The Outcomes Report with No OutcomesPosted by James Walsh on 10/15/2020
It is about this time I am rolling out the district’s Outcomes Report. This comprehensive report presents the best and worst of our performance over the previous year. This year, I’ve got nothing. There were no Keystones or PSSAs. A few SAT scores, yes, but nothing significant to report. The only highlight was the impressive performance put on by the advanced placement students. They tested remarkably well on some rigorous courses. Kudos to all!
Our (new) FocusPosted by James Walsh on 10/12/2020
Throughout the year of COVID-19, our primary goal is: to deliver a quality educational experience to all families, in-school and at home, in a way that minimizes exposure and disruption to the extent possible. The key components of our reopening plan included: (1) safe schools for students and staff, (2) choice for families, (3) high-quality education (in-school or remote) and (4) emphasis on social-emotional well-being. We continue to work collaboratively on all of those components with PDE, the IU, the county and the PA Department of Health. And we continue to understand the changing circumstances and facts related to this pandemic. At the same time, we also fully recognize the importance of offering more in-person learning in order to meet the academic as well as social/emotional needs of our students. I remain impressed by and grateful for the efforts of our students, families, faculty, staff and the administrators to bring us successfully to this turning point. We continue to count on the commitment from all of us, families, staff and students, to adhere to the guidelines and requirements to maintain the health and safety of all persons in our care.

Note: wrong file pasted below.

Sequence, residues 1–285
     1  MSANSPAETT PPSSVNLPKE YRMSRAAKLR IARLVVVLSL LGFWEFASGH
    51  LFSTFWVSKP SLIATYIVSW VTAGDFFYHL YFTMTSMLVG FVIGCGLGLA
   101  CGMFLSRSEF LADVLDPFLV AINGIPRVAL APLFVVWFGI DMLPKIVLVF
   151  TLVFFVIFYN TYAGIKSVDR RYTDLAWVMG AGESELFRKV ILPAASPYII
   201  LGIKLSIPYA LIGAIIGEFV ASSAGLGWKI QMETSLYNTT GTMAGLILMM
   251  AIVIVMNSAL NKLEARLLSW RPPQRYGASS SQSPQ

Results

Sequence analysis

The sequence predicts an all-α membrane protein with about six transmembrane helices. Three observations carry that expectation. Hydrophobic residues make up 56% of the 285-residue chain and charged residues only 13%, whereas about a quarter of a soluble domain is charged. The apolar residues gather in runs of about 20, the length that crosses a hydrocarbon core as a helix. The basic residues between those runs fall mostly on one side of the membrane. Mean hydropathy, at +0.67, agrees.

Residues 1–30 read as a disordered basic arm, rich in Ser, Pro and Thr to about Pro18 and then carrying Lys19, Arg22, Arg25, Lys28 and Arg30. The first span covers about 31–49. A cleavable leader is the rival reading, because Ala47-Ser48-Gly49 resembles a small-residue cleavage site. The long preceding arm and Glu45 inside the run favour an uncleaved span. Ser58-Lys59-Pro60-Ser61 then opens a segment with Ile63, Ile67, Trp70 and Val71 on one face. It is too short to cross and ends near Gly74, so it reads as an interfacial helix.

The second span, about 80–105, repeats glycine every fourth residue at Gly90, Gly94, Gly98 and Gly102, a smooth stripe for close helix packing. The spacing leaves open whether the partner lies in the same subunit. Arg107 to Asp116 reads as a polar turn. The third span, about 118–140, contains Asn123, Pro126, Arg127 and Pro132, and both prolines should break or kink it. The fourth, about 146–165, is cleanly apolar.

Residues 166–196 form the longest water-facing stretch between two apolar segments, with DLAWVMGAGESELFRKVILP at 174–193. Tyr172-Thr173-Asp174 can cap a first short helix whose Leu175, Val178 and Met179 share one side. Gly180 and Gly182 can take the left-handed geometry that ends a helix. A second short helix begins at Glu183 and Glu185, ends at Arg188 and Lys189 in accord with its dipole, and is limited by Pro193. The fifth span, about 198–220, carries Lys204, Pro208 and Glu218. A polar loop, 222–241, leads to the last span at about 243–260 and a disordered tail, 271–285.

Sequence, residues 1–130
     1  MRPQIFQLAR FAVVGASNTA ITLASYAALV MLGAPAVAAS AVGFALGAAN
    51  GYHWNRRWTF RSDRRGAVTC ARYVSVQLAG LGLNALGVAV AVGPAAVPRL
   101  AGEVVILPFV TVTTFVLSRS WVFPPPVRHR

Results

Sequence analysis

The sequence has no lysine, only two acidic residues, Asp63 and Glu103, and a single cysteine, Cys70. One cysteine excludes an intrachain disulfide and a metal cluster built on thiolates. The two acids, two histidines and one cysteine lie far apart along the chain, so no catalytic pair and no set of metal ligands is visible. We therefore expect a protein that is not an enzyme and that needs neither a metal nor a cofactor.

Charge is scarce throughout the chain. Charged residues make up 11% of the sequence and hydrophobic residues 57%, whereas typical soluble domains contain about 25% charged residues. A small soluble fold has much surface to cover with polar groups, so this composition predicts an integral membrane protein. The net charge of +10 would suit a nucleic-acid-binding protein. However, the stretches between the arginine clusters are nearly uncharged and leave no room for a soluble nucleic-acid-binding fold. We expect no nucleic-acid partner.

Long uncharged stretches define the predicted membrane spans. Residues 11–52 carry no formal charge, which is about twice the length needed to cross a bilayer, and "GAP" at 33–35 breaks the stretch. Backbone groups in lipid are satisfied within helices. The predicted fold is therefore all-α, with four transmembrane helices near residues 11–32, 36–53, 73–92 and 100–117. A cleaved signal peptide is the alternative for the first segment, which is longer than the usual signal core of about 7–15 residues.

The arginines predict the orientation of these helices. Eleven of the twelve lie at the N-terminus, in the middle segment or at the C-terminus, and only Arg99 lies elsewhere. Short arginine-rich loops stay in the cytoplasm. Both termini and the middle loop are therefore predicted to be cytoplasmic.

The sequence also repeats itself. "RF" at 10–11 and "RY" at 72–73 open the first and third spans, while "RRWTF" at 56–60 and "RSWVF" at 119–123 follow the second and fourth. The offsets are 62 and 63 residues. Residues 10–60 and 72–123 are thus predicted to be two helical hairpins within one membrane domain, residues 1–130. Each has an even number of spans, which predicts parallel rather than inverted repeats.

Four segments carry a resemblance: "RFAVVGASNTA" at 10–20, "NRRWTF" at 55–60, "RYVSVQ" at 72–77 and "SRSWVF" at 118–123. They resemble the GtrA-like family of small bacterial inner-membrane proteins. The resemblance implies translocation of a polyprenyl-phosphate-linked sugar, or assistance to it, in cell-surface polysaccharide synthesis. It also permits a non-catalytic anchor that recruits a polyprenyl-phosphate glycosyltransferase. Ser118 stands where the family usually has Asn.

Long time, no blogPosted by James Walsh on 10/9/2020
It has been a while since I was able to add to my blog. Every minute has been spent digging deeply into the science and policy surrounding the pandemic in order to lead the organization into the new normal. As an educational leader, trained in pedagogy, district leadership and andragogy, nothing prepared me for the work of the past seven months. I have learned so much about keeping students and staff safe, about air flow in industrial HVAC units, about hospital-grade disinfectants, and so forth. All of it has been essential in guiding my work to navigate the district through unchartered waters. I am most grateful for the help of my administrative team, my colleagues in IU1 and the backing of a pro-education, pro-child board of school directors.